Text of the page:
What are the biggest workplace distractions? You might suspect Facebook, texting or personal phone calls. But one of the worst distractions may be something weighing on employees’ minds — financial problems. When employees feel stressed and insecure about their finances, it can be difficult to focus and be successful at work.|
A survey by the Society for Human Resource Management (SHRM) suggests that the issue of money is one of the most significant distractions for employees during working hours. Seventy percent of surveyed human resources (HR) professionals said that personal financial challenges have a large impact, or at least some impact, on their employees’ performance.*
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Financial stressors for employees
The financial challenges facing employees can be wide-ranging, from credit card debt and medical costs to child care and elder care expenses. The personal financial challenges affecting employees most (according to surveyed HR professionals):*
While there’s no simple solution, employers can provide access to tools and resources to empower employees to handle financial challenges. More than one-half of organizations (57 percent) provide financial education to employees, according to the SHRM survey.* Of those organizations that provide financial education to employees:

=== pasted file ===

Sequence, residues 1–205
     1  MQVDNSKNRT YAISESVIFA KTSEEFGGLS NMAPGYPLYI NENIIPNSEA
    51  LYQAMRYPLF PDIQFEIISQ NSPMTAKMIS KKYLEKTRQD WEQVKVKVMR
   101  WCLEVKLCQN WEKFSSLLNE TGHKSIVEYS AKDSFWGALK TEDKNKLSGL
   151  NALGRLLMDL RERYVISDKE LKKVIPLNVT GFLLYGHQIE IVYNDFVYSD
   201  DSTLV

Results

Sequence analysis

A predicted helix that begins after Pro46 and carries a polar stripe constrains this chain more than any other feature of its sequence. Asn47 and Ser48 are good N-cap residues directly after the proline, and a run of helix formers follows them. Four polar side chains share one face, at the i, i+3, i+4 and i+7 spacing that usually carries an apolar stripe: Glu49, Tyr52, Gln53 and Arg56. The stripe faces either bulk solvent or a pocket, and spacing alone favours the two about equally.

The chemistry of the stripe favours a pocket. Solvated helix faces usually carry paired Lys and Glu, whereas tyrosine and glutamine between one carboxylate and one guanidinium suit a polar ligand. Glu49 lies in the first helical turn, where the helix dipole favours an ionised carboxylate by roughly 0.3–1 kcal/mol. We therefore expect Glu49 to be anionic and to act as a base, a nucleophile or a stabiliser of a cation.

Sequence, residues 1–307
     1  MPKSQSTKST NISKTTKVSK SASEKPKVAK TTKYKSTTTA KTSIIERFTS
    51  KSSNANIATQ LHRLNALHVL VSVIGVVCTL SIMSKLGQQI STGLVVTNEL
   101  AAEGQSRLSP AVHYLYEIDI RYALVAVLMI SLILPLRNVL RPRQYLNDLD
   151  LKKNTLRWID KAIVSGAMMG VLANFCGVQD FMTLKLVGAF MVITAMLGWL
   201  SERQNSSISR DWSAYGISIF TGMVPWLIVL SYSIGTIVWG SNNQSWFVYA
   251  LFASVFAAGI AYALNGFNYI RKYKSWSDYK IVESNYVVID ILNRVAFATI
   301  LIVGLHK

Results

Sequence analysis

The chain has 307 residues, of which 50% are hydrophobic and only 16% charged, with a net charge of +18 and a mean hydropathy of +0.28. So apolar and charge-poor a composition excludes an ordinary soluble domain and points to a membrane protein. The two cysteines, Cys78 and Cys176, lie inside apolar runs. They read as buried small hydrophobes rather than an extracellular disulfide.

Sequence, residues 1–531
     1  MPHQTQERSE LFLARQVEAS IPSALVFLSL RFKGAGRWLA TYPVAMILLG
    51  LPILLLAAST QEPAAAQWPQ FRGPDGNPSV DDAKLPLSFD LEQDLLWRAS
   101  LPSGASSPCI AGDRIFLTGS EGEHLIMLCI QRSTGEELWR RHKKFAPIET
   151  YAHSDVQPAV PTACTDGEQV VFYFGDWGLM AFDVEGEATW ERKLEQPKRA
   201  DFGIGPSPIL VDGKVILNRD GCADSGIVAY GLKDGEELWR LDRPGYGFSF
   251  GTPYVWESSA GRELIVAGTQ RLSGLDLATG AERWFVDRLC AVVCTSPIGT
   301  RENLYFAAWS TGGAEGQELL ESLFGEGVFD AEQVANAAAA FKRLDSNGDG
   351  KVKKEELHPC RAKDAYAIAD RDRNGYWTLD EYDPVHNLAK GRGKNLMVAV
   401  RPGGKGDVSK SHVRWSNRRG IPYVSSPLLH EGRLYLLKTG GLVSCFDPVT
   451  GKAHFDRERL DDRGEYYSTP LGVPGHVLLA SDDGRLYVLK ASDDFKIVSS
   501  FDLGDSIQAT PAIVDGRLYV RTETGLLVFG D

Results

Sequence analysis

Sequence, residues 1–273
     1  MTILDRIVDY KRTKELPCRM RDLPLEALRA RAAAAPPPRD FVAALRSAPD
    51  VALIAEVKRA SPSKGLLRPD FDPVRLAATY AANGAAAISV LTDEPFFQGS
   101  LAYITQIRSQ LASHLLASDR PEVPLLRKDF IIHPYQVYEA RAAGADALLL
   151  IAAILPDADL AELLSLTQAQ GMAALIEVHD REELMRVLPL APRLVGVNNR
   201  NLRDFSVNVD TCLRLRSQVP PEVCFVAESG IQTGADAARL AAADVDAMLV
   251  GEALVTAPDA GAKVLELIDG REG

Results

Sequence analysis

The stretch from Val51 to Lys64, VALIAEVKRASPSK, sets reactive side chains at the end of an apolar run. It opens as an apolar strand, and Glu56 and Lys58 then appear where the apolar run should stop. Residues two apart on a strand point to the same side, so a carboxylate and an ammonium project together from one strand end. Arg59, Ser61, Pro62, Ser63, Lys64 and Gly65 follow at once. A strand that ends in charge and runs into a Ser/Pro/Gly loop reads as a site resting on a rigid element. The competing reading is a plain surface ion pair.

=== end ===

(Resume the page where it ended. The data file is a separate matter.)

- Difficulty paying medical expenses.
- Lack of funds to cover personal expenses.
Retirement planning and employee assistance programs (EAPs) with financial counseling resources are the most common types of financial education. Other educational programs such as health care costs planning and credit repair counseling can empower employees to take action instead of feeling overwhelmed by stress.
- 61 percent offer seminars during work hours led by outside speakers.
- 51 percent provide brochures and pamphlets.
- 44 percent use new-hire employee orientation.
- 36 percent use self-directed e-learning or Intranet.
- 25 percent provide seminars during work hours led by in-house staff.
- 23 percent use an in-house newsletter.
- 20 percent offer seminars outside of work hours.
Ramp up education resources
Investing in employee financial wellness doesn’t have to be costly, but the resources you offer should be well-communicated. Building awareness is essential so that employees throughout the organization know how to get help if they need it.
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* Source: Society for Human Resource Management, “Financial Wellness in the Workplace,” May 2014